brittany, Other/Just Looking in 37203

I'm working with a lender to raise my credit score it is around 600. He recommended I get a credit card to raise my score. I really do not want

Asked by brittany, 37203 Fri Nov 8, 2013

to do I have student loans in a deferment , should I take them out of deferment and just wait a few more months for that to help my score? I also have older collections on my report so will it even help me to get to a 620?

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3
Bailie Rhea…, Agent, Brentwood, CA
Sun Nov 17, 2013
Hey Brittany,

If you would really like to find out an exact plan of what needs to be done.

We can work with you. I understand that a lot of these agents are saying to do this, that, and the other. However we are 100% dedicated to helping you and showing you an actual plan customized to your needs. Not a rigorous plan that you won’t be able to sustain.

Feel free to read our recommendations. (95% of our clients are long term credit clients)
I would love to help you.

615-400-8515

Feel free to call me at any-time. Let’s see if I can help you get a little bit closer towards your goal.

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0 votes
Maria Holland, Agent, Brentwood, TN
Fri Nov 8, 2013
Getting a credit card requires discipline. The key in getting a credit card is only charging a small amount on your card and then paying it off immediately so they report a zero balance. Paying off the credit card to a zero balance is what can raise your score. After you get your credit score up, close the card.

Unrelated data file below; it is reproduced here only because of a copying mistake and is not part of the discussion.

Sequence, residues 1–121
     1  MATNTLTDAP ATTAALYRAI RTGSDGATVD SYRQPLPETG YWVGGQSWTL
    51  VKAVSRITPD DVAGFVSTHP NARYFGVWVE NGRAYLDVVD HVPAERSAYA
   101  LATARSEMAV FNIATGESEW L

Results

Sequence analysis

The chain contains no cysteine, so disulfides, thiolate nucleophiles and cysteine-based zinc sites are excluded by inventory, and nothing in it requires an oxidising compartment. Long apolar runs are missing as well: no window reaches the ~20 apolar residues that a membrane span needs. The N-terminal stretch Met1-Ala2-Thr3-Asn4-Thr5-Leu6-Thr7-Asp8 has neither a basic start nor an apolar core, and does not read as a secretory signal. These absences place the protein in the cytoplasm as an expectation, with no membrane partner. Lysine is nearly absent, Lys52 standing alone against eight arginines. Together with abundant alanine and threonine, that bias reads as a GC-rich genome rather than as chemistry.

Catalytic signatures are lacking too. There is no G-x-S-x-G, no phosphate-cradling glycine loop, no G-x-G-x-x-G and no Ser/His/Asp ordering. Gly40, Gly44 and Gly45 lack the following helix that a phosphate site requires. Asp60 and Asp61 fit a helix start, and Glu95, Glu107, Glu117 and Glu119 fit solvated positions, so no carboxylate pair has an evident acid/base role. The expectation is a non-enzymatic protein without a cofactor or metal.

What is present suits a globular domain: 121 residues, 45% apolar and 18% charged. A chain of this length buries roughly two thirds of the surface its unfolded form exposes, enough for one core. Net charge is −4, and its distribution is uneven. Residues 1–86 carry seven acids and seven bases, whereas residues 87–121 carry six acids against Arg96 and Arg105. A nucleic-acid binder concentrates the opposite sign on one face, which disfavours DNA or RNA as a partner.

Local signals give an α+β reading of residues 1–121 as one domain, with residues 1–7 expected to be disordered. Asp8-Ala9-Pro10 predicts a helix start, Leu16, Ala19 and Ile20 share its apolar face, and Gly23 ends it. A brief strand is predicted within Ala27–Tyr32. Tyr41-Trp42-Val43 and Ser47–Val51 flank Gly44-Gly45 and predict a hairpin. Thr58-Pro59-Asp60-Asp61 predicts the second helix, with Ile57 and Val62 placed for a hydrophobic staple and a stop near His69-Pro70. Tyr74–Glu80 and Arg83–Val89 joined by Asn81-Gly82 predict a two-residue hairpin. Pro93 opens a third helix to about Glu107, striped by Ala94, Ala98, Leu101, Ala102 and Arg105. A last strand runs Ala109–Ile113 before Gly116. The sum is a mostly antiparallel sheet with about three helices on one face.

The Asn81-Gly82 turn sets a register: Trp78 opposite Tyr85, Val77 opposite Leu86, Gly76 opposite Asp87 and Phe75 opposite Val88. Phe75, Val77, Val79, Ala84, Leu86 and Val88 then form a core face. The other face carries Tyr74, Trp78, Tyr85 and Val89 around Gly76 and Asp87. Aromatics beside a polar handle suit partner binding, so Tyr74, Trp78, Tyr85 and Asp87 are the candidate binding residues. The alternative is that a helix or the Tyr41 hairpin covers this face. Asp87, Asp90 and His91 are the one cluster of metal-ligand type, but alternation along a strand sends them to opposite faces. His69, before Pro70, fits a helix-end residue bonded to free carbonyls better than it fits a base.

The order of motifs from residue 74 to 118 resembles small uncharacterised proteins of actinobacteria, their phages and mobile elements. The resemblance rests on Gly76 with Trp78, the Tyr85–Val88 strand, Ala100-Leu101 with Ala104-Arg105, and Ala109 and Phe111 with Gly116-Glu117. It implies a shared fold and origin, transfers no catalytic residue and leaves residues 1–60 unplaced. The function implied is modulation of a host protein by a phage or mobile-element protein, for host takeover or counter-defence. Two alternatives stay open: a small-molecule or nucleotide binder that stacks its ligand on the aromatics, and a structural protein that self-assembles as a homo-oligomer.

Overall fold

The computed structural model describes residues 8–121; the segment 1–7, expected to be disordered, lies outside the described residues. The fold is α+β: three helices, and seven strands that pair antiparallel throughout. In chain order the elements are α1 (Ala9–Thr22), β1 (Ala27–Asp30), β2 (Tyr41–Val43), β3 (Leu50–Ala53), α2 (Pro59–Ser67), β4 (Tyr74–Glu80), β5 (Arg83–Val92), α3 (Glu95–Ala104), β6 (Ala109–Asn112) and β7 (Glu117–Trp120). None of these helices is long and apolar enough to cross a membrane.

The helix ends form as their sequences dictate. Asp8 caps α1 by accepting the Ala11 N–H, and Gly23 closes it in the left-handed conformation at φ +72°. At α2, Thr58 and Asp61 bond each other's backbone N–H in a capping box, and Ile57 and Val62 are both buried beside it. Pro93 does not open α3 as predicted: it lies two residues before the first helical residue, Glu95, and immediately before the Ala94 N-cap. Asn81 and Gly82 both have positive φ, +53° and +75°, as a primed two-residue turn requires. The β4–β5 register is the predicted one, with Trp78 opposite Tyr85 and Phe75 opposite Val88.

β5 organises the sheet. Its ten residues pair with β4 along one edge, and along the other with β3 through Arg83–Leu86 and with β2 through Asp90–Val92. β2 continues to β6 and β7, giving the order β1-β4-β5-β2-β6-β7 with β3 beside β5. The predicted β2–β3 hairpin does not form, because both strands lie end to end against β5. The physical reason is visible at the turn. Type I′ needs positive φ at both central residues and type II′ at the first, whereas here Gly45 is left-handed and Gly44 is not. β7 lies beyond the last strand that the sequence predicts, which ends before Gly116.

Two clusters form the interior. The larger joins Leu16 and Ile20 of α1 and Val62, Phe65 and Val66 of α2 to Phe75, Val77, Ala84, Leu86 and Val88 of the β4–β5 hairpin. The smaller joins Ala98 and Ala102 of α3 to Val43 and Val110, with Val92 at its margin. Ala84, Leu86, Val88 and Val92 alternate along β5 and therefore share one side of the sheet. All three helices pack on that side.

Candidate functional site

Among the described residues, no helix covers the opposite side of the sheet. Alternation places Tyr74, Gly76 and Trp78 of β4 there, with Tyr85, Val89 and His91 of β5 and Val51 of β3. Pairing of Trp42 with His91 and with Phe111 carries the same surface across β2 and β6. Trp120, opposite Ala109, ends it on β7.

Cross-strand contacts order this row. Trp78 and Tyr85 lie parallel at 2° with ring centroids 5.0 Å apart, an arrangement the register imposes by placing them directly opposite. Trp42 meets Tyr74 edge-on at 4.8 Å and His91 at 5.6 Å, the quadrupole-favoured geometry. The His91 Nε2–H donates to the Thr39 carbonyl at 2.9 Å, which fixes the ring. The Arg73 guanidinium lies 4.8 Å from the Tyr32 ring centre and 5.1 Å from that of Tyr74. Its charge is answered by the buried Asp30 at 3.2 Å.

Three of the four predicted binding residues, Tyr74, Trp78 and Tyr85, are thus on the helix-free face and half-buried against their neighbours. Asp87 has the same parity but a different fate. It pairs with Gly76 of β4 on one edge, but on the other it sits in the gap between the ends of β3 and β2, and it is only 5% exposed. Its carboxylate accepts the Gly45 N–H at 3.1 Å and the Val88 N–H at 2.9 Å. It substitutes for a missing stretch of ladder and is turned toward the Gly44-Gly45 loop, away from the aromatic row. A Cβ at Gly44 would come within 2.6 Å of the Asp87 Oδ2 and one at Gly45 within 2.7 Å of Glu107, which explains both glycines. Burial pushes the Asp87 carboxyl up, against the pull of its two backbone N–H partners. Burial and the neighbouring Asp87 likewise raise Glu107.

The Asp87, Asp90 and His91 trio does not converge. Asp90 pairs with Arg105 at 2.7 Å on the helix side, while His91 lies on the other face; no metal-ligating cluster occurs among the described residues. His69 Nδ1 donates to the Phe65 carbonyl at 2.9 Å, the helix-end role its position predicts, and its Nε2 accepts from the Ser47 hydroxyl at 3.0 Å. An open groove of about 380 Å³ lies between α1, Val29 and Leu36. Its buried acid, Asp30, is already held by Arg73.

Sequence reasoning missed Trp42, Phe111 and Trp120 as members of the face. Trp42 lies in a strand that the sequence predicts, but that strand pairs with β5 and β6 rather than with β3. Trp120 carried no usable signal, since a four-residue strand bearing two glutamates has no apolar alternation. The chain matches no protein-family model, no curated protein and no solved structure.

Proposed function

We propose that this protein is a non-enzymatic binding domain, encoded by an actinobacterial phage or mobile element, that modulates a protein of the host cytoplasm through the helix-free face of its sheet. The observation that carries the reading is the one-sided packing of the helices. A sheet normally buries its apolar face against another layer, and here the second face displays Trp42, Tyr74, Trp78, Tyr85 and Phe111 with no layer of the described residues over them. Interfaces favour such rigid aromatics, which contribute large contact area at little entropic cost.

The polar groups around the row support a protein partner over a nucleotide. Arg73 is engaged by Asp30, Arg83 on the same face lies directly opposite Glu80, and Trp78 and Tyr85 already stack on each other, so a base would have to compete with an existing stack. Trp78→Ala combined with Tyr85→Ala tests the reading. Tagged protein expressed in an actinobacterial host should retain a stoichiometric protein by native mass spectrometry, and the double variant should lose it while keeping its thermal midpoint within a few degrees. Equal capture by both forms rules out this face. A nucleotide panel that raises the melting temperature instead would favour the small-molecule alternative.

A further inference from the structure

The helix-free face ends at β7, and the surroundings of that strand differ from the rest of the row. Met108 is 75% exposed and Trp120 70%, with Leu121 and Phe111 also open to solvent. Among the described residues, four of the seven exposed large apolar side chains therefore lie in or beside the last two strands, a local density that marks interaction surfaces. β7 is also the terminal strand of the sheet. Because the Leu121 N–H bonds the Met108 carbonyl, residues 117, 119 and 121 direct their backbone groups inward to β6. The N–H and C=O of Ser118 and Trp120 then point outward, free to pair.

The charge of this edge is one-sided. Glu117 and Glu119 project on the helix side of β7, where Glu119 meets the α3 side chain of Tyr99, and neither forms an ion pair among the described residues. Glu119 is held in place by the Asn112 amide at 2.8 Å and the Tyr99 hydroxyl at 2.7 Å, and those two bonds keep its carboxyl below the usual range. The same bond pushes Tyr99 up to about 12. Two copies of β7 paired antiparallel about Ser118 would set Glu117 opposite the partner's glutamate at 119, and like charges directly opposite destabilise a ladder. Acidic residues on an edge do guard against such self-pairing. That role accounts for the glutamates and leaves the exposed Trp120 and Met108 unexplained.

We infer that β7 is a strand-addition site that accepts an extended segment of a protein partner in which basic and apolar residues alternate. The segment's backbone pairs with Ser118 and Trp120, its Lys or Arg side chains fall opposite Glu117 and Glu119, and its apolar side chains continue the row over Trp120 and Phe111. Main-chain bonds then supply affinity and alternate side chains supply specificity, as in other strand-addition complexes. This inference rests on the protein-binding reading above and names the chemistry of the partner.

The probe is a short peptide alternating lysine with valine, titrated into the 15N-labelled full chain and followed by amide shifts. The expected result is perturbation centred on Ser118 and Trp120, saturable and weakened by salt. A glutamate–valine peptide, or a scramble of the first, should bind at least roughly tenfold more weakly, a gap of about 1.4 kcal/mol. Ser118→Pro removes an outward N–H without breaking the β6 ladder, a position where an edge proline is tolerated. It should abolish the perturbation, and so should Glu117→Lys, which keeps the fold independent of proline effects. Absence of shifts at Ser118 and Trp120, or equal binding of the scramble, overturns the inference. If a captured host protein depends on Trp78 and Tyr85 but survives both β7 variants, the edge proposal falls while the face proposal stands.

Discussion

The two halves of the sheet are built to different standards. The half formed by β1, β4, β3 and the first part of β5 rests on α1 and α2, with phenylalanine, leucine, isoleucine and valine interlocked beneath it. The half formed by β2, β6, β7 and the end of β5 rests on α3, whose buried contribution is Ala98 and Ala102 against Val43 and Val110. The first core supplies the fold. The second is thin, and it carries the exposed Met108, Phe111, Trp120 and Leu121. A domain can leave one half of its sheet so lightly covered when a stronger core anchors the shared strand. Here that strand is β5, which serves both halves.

Paying off the student loans helps with your debt ratio, but taking them out of deferment could make your debt ratio so high that you don't qualify.

What you need is a lender that will help you remove the older collections off your report. That could mean paying off older collections. It could mean having the lender request they be removed. Make sure you are working with a lender who knows how to get your score up the right way.
0 votes
Dan Tabit, Agent, Issaquah, WA
Fri Nov 8, 2013
Brittany,
Our opinions here are going to be based on limited information. I've worked with several buyer's through many years in both Mortgage and Real Estate and the advice is not uncommon. It may be due to not having enough established trade lines. Or it could be due to needing to re-establish credit after a tough time. In either case, getting a card and using it in a limited responsible fashion will initially reduce your score, but in short order improve it.
Only use the card for expenses you would normally pay cash for and then pay it off monthly, things like gas & groceries. Don't treat it like "extra money." When you see your checking account in better shape than you might be used to seeing it, avoid the temptation to splurge on something.
Credit is like a muscle, it must be used to grow but not abused so it won't be strained or damage. New credit, within reason will be useful and may be necessary to get your scores where you need them.
If you are afraid of being declined, start with your own bank or credit union and ask about a secured credit card. You keep money on deposit that allows them to give you the card. Your limit is tied to your deposit. Best of luck.
0 votes
Brittany,
I personally am anti-credit cards. Haven't had one in years! If you have a recent track record of making payments on time (example: paying rent, cell phone bill, etc.) some lenders can manually underwrite the loan and get you approved. It is more difficult and more time consuming but it is possible. If you would like me to put you in contact with a lender that can work with you let me know.
Flag Fri Nov 15, 2013
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